Urging higher pay for lawyers risks a level of scorn typically reserved for — well — lawyers. But consider how much the cost of living has changed since 1999.
For one particularly relevant point of reference, the average price of home heating oil in January 1999 was 76 cents per gallon. This week, it’s $3.72.
The hourly fee paid to Maine attorneys who represent people unable to afford a lawyer to defend them in criminal, juvenile, child protective and involuntary hospital commitment cases was $50 in 1999. It still is.
The costs associated with providing constitutionally guaranteed legal representation to low-income defendants in Maine certainly have risen in 14 years. The rates paid to lawyers should reflect that fact.
Jeffrey Silverstein, a Bangor criminal defense attorney, said it costs about $100 an hour to maintain his office. He and other attorneys who represent disadvantaged clients shouldn’t have to take a $50 loss for every hour they devote to defending people greatly in need of protection within the judicial system.
The Maine Commission on Indigent Legal Affairs, which in July 2010 assumed oversight of assigning private attorneys to low-income defendants, seeks to increase attorney fees to $70 per hour as of July 1, 2013, and to $75 per hour as of July 1, 2014. By comparison, attorneys who defend low-income clients in federal courts receive $125 per hour.
The commission also proposes raising the cap on payments to lawyers for specific services, such as a boost from $2,500 to $3,500 for trial fees related to Class A felony crimes.
The proposed rate hikes are overdue, reasonable investments in justice.
As part of its rule-making process, the commission held public hearings on the proposed rate changes. The commission informed Gov. Paul LePage’s administration of its intention to raise rates, according to Chairman David Mitchell. Despite listing “fully funding Indigent Legal Services” as a highlight in his proposed budget for the biennium that begins July 1, LePage did not include funding for the rate increase in that spending plan. Instead, he proposed a $5 hourly increase that would take effect July 1, 2014.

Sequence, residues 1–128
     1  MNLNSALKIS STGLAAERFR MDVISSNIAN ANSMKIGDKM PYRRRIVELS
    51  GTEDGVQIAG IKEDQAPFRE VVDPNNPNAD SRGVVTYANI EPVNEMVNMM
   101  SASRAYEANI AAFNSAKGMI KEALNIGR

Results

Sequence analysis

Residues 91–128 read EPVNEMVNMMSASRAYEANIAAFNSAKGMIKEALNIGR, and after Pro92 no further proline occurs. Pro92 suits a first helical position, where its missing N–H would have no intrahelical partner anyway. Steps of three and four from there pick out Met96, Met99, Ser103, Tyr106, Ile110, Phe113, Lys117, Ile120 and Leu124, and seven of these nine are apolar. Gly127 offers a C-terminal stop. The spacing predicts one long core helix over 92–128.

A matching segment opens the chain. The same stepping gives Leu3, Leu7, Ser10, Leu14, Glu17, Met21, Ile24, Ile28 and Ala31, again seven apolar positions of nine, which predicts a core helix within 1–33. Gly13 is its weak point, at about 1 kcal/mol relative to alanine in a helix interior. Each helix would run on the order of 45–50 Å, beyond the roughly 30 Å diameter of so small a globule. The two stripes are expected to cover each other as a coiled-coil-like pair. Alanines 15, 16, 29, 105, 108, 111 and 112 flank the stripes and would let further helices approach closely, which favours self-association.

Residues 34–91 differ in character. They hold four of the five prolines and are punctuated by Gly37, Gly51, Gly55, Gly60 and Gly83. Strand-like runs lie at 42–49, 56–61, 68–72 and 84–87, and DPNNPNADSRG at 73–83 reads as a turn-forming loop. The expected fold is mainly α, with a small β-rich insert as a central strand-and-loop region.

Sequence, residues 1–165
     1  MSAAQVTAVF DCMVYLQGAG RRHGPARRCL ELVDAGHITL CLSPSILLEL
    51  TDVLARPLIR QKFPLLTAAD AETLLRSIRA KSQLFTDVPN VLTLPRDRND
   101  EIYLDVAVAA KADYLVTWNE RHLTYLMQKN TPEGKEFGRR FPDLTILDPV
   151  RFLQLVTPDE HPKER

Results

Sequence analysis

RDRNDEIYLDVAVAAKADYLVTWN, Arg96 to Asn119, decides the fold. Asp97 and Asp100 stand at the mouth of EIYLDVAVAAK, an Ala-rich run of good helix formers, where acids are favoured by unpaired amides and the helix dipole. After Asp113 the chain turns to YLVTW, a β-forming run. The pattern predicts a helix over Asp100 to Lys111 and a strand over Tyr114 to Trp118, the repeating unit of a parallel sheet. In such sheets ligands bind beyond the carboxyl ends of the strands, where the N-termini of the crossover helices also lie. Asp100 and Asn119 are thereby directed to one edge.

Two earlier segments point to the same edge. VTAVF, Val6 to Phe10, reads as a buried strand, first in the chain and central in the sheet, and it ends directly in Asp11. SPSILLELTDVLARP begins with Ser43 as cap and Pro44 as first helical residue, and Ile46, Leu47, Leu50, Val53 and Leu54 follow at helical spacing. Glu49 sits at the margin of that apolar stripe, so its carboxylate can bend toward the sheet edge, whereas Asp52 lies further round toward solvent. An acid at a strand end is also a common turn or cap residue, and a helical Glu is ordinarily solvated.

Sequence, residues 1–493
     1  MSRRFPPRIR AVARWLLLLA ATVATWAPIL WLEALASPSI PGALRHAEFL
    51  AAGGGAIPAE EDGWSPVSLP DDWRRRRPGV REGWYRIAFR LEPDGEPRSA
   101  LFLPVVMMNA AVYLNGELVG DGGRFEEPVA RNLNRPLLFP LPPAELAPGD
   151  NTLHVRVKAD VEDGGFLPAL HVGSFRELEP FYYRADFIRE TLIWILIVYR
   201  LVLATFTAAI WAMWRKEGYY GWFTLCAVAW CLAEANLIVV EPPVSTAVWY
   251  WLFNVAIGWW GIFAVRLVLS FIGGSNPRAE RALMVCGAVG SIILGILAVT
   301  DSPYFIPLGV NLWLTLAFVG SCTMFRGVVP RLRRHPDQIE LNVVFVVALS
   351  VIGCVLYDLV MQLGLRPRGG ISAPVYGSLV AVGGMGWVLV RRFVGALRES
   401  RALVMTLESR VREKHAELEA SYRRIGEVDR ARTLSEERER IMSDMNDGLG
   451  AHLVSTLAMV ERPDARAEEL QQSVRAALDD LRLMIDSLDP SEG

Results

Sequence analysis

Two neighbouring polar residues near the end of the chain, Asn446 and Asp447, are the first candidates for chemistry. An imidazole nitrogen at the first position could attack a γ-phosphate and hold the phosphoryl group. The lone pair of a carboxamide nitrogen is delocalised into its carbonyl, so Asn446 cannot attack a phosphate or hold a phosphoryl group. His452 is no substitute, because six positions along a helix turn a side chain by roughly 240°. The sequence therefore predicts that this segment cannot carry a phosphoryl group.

That’s an unfair approach to funding a program designed to ensure that all Mainers receive a fair trial. The people who would benefit from a fee increase that might prevent the commission’s roster from thinning further aren’t lawyers. They are juveniles accused of crimes, children whose legal rights must be protected in complex court proceedings and Mainers whose mental and financial conditions make them especially vulnerable to injustice.
Since taking over the program from the Maine Judicial Branch, the Commission on Indigent Legal Services has succeeded in bringing greater efficiency and predictability to the vitally important 14th Amendment function of ensuring that all people receive equal treatment under the law. But its roster of participating attorneys reflects the effect of underfunding the program. For Region VIII, which covers courts in Caribou, Fort Kent, Houlton, Madawaska and Presque Isle, the roster lists just one local defense attorney for homicide cases and limited options for sex offenses.
That puts justice at risk.
In its spending plan for the next two years, the LePage administration proposes increasing the budget for indigent legal services to correct chronic, past-funding shortages, which include what Miller described as a $1.86 million shortfall in the current fiscal year’s budget. But by largely ignoring the commission’s attorney fee increases, LePage doesn’t go far enough.
The Legislature’s budget-writing Appropriations Committee must take the next step by recognizing a higher principle of democracy — the right to a fair trial — when weighing the commission’s funding request. Difficult economic times do not relieve the state from the responsibility of funding constitutional protections.